An aurora's colors depend on which types of atoms cause the splash of light. In most cases, auroral lights appear when charged particles from the solar wind collide with oxygen atoms in Earth's atmosphere, according to a NASA statement.
"This produces a green photon, so most auroras appear green. However, lower-energy oxygen collisions—as well as collisions with nitrogen atoms—can produce red photons, so sometimes auroras also show a red band, as seen here."
Such auroral displays are triggered when clouds of charged particles from the sun—known as coronal mass ejections (CMEs)—slam into Earth's magnetic field.
A "severe" CME hit September 26, sparking auroras at both Poles and inducing light shows visible in five U.S. states, including Michigan, New York, South Dakota, Maine, and Minnesota, according to NASA.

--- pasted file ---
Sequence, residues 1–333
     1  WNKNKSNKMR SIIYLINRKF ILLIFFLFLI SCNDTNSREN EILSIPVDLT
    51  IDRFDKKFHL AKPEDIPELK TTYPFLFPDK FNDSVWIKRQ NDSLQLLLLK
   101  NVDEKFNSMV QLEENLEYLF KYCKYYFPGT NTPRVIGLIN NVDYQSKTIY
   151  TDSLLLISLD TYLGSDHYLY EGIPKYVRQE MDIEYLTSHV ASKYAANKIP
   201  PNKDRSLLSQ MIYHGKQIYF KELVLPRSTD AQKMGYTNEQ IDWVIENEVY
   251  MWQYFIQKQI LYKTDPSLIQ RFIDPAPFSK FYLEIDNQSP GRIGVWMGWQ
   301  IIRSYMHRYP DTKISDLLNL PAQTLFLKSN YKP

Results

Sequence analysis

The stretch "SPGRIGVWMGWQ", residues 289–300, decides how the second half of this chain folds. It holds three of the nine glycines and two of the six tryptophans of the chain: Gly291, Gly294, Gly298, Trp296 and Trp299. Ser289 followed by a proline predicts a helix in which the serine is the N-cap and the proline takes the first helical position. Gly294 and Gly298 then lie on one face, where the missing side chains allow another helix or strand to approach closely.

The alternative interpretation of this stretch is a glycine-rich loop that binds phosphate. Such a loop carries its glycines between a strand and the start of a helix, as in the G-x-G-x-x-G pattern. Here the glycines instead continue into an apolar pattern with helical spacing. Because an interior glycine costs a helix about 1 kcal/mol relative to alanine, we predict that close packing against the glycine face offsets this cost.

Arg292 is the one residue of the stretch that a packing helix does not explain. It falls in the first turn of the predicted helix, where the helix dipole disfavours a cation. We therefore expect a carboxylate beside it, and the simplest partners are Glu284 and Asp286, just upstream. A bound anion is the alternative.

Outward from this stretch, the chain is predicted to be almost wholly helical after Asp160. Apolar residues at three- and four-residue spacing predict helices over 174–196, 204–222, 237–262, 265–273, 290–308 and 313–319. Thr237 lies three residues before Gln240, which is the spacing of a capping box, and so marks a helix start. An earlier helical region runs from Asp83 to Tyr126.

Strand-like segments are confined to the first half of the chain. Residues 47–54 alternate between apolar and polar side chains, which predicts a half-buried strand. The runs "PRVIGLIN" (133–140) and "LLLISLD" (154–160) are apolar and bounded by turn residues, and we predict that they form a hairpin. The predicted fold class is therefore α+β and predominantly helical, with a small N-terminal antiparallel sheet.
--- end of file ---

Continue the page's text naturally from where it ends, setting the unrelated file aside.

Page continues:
As solar particles get funneled along Earth's field lines toward the Poles, they collide with molecules in the atmosphere, infusing them with extra energy. The molecules in turn release the energy as light.
Capturing the above aurora required "a long night of waiting-but the activity picked up," photographer Jonathan Tucker wrote on SpaceWeather.com.
Photographer Fabiano Belisário Diniz caught the monster sunspot in a picture he took of the sun setting over Curitiba, Brazil, on September 26.
"It was overcast and cold all day long, but at the end of the day a break in the clouds revealed the sun and AR1302," Diniz told SpaceWeather.com. "What a great sight!"
For more on solar flares, sunspots, and solar wind, read "The Sun-Living With a Stormy Star," in National Geographic magazine
The finding is based on new high-resolution pictures of Enceladus from NASA's Cassini orbiter, as well as global maps of color patterns that help reveal the ages of surface features. Above, an artist's rendering shows an active tiger stripe, including bluish regions that indicate freshly exposed water ice.
—Richard A. Lovett